Netanyahu Says U.S. Must Show a Military Strike Against Iran Is Possible
Israeli Prime Minister Benjamin Netanyahu said the U.S. and the international community need to convince Iran that a military strike is possible in order to prevent the Iranian government from developing nuclear weapons.
“The simple paradox is this,” Netanyahu said in a speech yesterday to Jewish activists in New Orleans. “If the international community, led by the U.S., wants to stop Iran without resorting to military action, it will have to convince Iran that it is prepared to take such action.”
Netanyahu’s comments came five days after Iranian Foreign Minister Manouchehr Mottaki said his country was ready to hold talks on its nuclear program with the five permanent United Nations Security Council members plus Germany. Iran denies claims by Israel, as well as by the U.S. and many of its allies, that the country’s nuclear program may be providing cover for the development of weapons.
“We have yet to see any signs that the tyrants of Tehran are stopping their pursuit of nuclear plans,” Netanyahu said.
The 61-year-old Israeli leader is on a five-day trip to the U.S. aimed at rallying support among American Jews and discussing with U.S. mediators ways to resume stalled peace talks with the Palestinian Authority. Netanyahu met with Vice President Joe Biden on Nov. 7 and will hold discussions with Secretary of State Hillary Clinton before leaving Nov. 11 from New York.
‘Biting More Deeply’
Netanyahu’s comment to Biden that international pressure must be intensified to stop Iran’s nuclear program brought a response from U.S. Defense Secretary Robert Gates. While traveling in Melbourne, Australia, Gates said that sanctions against the Islamic Republic “are biting more deeply than they anticipated.”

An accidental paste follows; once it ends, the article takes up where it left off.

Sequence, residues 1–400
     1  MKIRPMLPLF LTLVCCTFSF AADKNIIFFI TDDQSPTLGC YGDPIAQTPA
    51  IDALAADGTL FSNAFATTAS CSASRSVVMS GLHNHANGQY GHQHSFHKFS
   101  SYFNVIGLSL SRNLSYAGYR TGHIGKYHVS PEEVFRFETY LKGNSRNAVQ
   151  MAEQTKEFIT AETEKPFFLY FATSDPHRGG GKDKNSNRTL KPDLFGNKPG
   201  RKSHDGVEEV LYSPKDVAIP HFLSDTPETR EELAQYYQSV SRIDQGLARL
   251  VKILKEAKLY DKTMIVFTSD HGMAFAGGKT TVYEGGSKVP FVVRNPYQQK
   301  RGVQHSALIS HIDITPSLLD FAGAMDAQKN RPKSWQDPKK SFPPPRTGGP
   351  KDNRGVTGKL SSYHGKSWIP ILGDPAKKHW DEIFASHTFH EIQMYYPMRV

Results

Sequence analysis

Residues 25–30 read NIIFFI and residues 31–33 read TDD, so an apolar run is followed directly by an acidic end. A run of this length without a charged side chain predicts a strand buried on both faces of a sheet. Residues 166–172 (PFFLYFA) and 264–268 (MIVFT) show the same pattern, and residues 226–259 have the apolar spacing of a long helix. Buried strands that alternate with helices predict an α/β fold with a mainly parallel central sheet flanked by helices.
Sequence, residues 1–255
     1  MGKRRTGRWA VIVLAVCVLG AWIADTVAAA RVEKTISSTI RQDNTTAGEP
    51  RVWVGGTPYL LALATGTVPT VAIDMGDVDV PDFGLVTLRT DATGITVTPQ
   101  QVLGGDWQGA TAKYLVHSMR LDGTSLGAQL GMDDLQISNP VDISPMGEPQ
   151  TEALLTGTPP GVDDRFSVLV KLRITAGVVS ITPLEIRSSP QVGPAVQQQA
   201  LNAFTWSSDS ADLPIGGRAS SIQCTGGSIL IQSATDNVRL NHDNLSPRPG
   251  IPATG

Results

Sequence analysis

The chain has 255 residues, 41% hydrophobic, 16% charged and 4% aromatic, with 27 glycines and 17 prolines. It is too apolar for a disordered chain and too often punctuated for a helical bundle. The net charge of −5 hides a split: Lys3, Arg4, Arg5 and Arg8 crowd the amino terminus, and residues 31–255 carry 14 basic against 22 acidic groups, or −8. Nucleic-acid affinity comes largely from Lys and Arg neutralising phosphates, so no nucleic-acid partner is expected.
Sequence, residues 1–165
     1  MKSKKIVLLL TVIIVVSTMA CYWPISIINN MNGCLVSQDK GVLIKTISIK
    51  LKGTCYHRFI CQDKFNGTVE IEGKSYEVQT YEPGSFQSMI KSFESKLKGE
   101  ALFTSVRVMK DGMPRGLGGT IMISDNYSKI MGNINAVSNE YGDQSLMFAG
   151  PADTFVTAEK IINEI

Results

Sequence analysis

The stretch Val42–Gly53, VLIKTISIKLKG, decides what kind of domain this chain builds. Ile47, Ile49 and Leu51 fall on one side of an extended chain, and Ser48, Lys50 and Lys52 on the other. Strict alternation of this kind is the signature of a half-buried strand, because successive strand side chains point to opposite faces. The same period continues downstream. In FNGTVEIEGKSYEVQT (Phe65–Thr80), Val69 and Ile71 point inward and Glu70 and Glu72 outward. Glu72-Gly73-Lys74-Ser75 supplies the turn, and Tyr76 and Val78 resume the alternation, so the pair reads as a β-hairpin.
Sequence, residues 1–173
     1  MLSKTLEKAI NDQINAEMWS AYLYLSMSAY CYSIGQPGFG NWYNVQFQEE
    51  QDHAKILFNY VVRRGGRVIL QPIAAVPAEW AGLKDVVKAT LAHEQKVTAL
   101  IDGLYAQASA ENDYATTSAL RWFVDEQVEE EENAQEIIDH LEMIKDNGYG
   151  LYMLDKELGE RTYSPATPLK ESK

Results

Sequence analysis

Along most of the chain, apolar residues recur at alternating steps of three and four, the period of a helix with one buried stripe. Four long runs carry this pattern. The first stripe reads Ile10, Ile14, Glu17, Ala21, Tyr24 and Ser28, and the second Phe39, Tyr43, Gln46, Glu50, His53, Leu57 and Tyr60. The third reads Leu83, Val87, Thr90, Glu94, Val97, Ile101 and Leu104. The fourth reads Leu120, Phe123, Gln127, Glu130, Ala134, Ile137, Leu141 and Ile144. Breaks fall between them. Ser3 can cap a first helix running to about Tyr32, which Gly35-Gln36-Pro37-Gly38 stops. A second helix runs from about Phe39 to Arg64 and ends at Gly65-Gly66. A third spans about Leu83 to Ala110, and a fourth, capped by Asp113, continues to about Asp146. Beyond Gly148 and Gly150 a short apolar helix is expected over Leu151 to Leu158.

Biden, speaking to a convention of Jewish groups in New Orleans on Nov. 7 after meeting with Netanyahu, said he told the Israeli leader that President Barack Obama won’t allow Iran to build a nuclear arsenal.
“We are absolutely committed to preventing Iran from acquiring nuclear weapons,” Biden said.
Iran is under a fourth round of UN sanctions because it refuses to curtail its nuclear program. Clinton, who was traveling in Asia, said she and her staff are working “non- stop” to keep the Israeli-Palestinian peace talks from collapsing. Palestinian Authority President Mahmoud Abbas says he won’t continue talks if Israel continues to build settlements in the West Bank.
Israel yesterday published construction plans for more than 1,000 new homes in east Jerusalem, which the Palestinians consider part of the West Bank and seek for the capital of their state.
The Israeli announcement may “derail the American and international efforts to resume a peace process,” said Ghassan Khatib, a spokesman for the Palestinian Authority. “Israel is determined to demonstrate that settlement expansion is more of a priority to it than peace talks.”
Netanyahu’s spokesman Mark Regev declined to comment on the plans. Members of the audience heckled Netanyahu several times during his New Orleans speech, shouting “Settlements delegitimize Israel” and “End the occupation.”
State Department spokesman Philip J. Crowley called the plans “counterproductive” and said the U.S. was “deeply disappointed.”
The Arab League initially set a Nov. 9 deadline for the U.S. to come up with a solution. Abbas is now willing to give the U.S. an additional “two or three weeks” to save the peace talks, chief negotiator Saeb Erakat said after meeting Obama’s Middle East envoy, George Mitchell, in Washington on Nov. 4.
Netanyahu and Abbas, 75, had agreed to try to reach, within 12 months, a framework agreement that would cover issues at the core of the conflict, including the borders of a future Palestinian state, security arrangements for Israel and the right of Palestinian refugees to return.
Obama kicked the talks off with a White House ceremony Sept. 1, only to watch them stall when Israel’s 10-month partial freeze on new West Bank settlements expired Sept. 26.
About 500,000 Jews have moved to the West Bank and east Jerusalem since Israel captured the territories in the 1967 Middle East war. The UN says that settlements are illegal. Israel says the territory isn’t occupied because it wasn’t recognized as belonging to anyone before the 1967 war.
To contact the editor responsible for this story: Peter Hirschberg at email@example.com.